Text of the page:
Urban Morphometrics and generative design:
a collaborative experiment in Kochi, India

UNICITI is an international consultancy and think tank with the mission of “helping Asian cities become sustainable, climate resilient, economically competitive, socially inclusive and culturally vibrant by reactivating their unique cultural and natural assets”. 

In September 2019 it launched “A Third Way of Building Asian Cities”, an initiative to find better ways to support their growth and sustainable development,  more appropriate than the “Business as Usual” (BAU) model and more up-scalable and impactful than contained niche innovations. A group of international experts took up the challenge, and our team is one of them. Together with professional volunteers we worked for over one year to test how to  use UMM to combine large scale of development and design quality in the planning and design process. 

We used as a test-case the Indian city of Kochi. The purpose of the work was to understand if and how  Kochi’s urban types can be recreated and used to respond in a contextually sympathetic manner to real development scenarios. 

Figure 1. Downtown of Mumbai (IN), example of BAU way of building (left) and vernacular huts in Kutch (IN), example of niche, sustainable and local context-tailored building solutions

We first performed the UMM approach to identify all distinctive Urban Types in its metropolitan area. A lack of input data to run the UMM taxonomy (we only had building footprints but no street networks), reduced significantly the number of (individual and contextual) characters we could use to perform the urban form classification. Interestingly, validation against historic data and local knowledge showed the classification was still strong, a very important result considering that the fewer input data is required, the more applicable is the UMM approach. This is particularly important for the ‘Third way’.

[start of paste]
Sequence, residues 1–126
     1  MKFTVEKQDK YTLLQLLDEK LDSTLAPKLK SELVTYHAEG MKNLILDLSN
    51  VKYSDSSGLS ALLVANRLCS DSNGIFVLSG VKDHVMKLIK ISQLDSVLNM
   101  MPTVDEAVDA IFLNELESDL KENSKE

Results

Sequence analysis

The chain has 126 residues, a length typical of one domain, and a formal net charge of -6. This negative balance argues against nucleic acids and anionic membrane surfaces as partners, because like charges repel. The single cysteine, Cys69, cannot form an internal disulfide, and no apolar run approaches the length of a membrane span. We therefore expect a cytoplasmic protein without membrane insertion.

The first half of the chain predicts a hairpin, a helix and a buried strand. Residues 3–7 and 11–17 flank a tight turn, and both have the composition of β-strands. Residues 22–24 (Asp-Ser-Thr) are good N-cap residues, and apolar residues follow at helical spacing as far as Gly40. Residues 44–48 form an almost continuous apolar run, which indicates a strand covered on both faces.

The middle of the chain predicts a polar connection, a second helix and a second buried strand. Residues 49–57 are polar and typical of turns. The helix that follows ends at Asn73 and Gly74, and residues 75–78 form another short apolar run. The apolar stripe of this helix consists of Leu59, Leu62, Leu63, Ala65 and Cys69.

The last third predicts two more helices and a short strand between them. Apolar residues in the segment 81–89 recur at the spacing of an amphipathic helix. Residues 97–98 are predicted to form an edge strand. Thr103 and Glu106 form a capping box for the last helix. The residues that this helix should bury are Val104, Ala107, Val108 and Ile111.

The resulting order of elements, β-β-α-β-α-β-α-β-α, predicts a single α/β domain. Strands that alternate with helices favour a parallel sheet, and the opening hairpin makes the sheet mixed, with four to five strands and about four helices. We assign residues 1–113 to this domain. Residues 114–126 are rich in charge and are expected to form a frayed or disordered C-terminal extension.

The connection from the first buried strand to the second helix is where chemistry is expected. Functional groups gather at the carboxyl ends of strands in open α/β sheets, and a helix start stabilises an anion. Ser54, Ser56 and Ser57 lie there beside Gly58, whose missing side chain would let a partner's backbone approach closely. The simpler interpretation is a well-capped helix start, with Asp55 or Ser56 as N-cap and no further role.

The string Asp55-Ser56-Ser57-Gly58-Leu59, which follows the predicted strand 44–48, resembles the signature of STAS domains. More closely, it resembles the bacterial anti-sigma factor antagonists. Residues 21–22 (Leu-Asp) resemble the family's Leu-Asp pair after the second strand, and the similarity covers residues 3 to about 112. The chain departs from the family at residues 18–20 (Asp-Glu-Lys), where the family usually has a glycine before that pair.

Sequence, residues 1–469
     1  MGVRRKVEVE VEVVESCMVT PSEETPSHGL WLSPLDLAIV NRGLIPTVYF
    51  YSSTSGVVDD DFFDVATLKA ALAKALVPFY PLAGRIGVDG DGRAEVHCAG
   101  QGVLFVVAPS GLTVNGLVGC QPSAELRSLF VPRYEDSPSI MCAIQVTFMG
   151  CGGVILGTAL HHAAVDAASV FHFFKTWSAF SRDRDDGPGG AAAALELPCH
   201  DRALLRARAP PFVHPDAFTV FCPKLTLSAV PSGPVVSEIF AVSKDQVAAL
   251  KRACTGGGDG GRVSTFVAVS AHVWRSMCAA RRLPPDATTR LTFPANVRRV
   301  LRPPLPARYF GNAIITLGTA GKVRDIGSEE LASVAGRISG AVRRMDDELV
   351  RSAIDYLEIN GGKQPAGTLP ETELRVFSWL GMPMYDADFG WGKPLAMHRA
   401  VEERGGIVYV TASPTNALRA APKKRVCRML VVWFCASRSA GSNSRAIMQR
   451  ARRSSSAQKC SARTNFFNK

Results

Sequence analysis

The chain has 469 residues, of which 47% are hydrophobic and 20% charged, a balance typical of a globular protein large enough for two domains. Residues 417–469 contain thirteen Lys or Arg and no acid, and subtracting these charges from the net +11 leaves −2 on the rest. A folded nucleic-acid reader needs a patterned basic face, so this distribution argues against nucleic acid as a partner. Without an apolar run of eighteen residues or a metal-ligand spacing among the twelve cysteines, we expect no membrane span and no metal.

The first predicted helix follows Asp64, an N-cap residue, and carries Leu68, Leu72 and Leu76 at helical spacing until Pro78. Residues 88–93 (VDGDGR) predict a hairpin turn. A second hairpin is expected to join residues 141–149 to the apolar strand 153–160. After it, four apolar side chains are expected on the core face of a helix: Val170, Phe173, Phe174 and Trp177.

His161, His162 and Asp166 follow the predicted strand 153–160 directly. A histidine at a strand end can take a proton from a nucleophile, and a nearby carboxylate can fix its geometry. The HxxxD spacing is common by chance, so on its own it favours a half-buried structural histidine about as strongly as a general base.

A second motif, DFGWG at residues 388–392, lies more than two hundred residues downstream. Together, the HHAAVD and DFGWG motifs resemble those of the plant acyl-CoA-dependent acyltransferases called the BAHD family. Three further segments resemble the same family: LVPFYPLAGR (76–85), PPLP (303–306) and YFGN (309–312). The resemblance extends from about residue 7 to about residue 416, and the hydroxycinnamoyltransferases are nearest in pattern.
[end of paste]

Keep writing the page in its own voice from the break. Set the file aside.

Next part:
Figure 2. Morphometric taxonomy of Kochi. Buildings are color-coded according to their respective UTs and level of similarity.

We then selected a number of urban types to test for (urban) form generation. We first described each using only a handful of characters necessary to guide the generation of similar forms (we used the UK National Model Urban Design Code as reference) and then we instructed the volunteers to produce masterplans of a portion of each urban types only using the model type description, and their professional observation of the type properties and its immediate context. 

Finally, we devised a whole planning process, from a national UMM analysis, to the local description of urban types and the co-production of design codes (accounting for their UMM profile and local needs) for development. This whole process ties large scale detailed evidence-based information and local knowledge, thus avoiding the generalisation of BAU and overcoming  the difficult scalability of niche initiatives.

Figure 3. Sample sites with existing fabric (top left) and three different figure-ground design demonstrations (top rightbottom leftbottom right) proposed by three different designers, in compliance with the morphometric profile of UT1.